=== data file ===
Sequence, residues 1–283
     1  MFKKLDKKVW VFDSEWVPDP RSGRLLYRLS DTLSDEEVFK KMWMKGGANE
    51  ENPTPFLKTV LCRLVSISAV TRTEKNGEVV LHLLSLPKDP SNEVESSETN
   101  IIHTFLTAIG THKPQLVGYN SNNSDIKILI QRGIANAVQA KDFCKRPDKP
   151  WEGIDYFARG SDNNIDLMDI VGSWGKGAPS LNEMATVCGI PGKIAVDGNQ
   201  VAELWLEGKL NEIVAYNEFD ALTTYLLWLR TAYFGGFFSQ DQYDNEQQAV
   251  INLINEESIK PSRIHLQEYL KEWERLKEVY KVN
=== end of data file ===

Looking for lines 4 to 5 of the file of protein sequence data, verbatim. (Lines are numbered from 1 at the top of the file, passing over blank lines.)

   101  IIHTFLTAIG THKPQLVGYN SNNSDIKILI QRGIANAVQA KDFCKRPDKP
   151  WEGIDYFARG SDNNIDLMDI VGSWGKGAPS LNEMATVCGI PGKIAVDGNQ